Contact Group on Libya meets in Addis Ababa

ADDIS ABABA - The International Contact Group on Libya (ICGL) convened on Wednesday in Addis Ababa to assess the situation on the ground in Libya amid boycott from the Libyan government and Egypt.

African Union Commissioner for Peace and Security Ismail Chergui presides over the meeting along with the Special Envoy of the UN Secretary General to the African Union Haile Menkerios.

Representatives from Libya's neighboring nations, Community of Sahel-Saharan States, the Arab League are attending among other participants.

In his opening remarks, Chergui said despite some encouraging steps as of late, the current situation in Libya is "generally bleak."

"The African Union stands ready to support united efforts [on Libya]," Chergui said, and called on all political actors in Libya to bear their responsibilities and "show statesmanship."

For his part, Menkerios said the international community has been witnessing deepening political, institutional and military crises unfolding in Libya.

He also pointed out to a round of dialogue that was concluded Tuesday in Geneva between Libyan rivals.

"Inclusiveness is critical," he said, calling on a broad-based dialogue including the armed groups across Libya. "Recent progress is encouraging but remains fragile," he said.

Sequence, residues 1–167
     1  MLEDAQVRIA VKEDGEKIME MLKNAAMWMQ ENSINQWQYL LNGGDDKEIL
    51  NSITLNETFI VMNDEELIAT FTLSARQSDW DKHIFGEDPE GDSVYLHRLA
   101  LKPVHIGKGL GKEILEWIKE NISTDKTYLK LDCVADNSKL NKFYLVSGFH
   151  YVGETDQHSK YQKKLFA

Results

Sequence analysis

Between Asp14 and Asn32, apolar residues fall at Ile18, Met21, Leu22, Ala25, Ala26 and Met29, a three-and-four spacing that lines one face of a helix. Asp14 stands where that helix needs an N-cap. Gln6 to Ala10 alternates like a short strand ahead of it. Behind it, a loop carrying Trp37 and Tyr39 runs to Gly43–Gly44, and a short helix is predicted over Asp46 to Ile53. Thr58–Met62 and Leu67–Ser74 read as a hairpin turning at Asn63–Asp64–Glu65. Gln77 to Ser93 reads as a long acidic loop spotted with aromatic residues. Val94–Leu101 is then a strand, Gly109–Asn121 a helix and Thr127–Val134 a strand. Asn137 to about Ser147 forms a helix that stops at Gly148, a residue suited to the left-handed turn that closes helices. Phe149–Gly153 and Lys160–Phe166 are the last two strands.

Egypt and Libya have boycotted the opening session in protest over the presence of Qatar and Turkey at the meeting, an Anadolu Agency correspondent reported.

Libyan Foreign Minister Mohamed al-Dairi walked out of the conference room within minutes after the start of the opening session, while his Egyptian counterpart Sameh Shoukry failed to attend the session, which was delayed for half an hour.

The two diplomat's absence as well as the session's delay signaled the failure of reported attempts by African Union and UN officials to convince Egypt and Libya to attend the conference.

Egypt and Libya had objected to the AU's invitation to Turkey and Qatar to take part in the conference at the pan-African body's headquarters in Addis Ababa, an African diplomat had told The Anadolu Agency.

However, African officials had insisted on Doha and Ankara's presence, saying the two countries have a stake in the Libyan conflict, the source said.

Libya has remained in a state of turmoil since the fall of the Muammar Gaddafi regime in 2011. Rival militias have frequently clashed in Libya's main cities, including capital Tripoli and the eastern city of Benghazi.

Political divisions have yielded two rival seats of government in the country, each of which has its own institutions.

Vying for legislative authority are the internationally-backed House of Representatives, which convenes in the eastern city of Tobruk, and the Islamist-led General National Congress, which – even though its mandate has ended – continues to convene in Tripoli.

The two assemblies support two different governments headquartered in the two respective cities as well as two military entities.

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